“It is definitely not a luxury to menstruate, and my legislation acknowledges this reality by making it easier for women and girls to access the products that their anatomy requires.” Meng
Washington, D.C. – Rep. Betty McCollum (D-MN) is one of 23 co-sponsors of a bill called the Menstrual Equity for All Act of 2017 (H.R. 972).
The bill, authored by Rep. Grace Meng (D-NY), addresses an apparent lack of access to feminine hygiene products for women and girls across the country.
In a press release, Meng claims that girls in low income homes, inmates, and homeless women across the country are suffering from lack of menstrual equity.
“Menstrual hygiene products are a necessity for most women, yet they are treated as luxury items. It is definitely not a luxury to menstruate, and my legislation acknowledges this reality by making it easier for women and girls to access the products that their anatomy requires.” Meng wrote in the press release.
Meng’s bill remedies the situation through five different provisions:
1) Allow individuals to buy menstrual hygiene products with money they contribute to their flexible spending accounts.
2) Provide a refundable tax credit to low-income individuals who regularly use menstrual hygiene products.
3) Allow grant funds from the Emergency Food and Shelter Grant Program, which can be used by homeless assistance providers for essential household items, to be used for menstrual hygiene products.
4) Require each state to provide menstrual hygiene products to female inmates and detainees, at no cost and on demand, as a condition of receiving funds from the Edward Byrne Memorial Justice Assistance Grant Program.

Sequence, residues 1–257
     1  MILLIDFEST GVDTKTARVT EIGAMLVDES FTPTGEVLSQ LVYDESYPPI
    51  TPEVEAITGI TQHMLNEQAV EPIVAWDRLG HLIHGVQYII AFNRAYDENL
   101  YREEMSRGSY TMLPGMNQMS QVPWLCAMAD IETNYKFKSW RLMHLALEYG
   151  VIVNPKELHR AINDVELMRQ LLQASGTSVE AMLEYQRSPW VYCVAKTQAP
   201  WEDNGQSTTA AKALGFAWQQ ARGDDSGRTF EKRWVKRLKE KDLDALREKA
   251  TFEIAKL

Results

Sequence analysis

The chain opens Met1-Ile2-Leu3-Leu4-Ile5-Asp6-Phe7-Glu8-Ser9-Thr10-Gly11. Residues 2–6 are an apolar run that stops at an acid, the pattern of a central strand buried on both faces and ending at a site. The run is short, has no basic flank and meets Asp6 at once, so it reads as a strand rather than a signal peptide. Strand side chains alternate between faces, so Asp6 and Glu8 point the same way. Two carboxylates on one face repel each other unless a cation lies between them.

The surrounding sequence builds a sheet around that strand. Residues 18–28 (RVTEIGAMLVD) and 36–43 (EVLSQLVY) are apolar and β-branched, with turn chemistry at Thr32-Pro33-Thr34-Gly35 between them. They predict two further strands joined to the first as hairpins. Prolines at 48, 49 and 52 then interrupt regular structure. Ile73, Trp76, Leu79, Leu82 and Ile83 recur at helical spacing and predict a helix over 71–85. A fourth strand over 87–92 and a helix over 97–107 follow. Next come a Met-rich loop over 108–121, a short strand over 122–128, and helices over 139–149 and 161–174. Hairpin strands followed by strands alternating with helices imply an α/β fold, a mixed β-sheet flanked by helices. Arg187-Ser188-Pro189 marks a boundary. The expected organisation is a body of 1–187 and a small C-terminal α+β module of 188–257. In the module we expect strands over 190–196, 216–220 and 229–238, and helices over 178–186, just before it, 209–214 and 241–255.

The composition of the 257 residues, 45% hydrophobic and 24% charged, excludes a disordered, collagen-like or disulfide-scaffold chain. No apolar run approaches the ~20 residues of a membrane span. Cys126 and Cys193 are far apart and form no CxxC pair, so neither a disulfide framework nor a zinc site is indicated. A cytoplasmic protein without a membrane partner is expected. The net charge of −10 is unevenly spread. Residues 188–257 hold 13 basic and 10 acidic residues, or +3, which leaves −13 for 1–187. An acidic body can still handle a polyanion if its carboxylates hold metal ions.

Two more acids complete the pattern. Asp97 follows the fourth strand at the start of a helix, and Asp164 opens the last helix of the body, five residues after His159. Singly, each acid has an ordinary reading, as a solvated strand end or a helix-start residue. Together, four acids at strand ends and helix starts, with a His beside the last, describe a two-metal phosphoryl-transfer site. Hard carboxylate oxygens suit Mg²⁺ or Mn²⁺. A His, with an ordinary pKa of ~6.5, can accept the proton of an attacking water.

5) Direct the Secretary of Labor to require employers with 100 or more employees to provide menstrual hygiene products to their employees free of charge.
Requiring prisons to provide sufficient products to female inmates is one of the more palatable elements of the bill. However, a mandate to employers with over 100 employees to provide free feminine hygiene products is likely to meet strong resistance. As Meng stated in her press release, women are estimated to spend upwards of $2,500 over the course of their lifetime on tampons alone. Employers likely won’t be eager to pick up the tab.
Meng may already sense the coming push back, saying her bill “may be the first effort at addressing menstrual equity on the national stage, but it won’t be the last.” However, she feels this is a new era for periods, and now is the time to introduce this legislation.
“Growing up, nobody talked about their periods, even if they were having problems; there was a certain taboo surrounding the issue. That all went out the window in 2015, the year ‘the period went public.’” Meng wrote in an op-ed for Marie Claire.
McCollum is the only legislator from Minnesota to back the bill. Alpha News reached out to McCollum for comments, but the congresswoman did not respond before publication.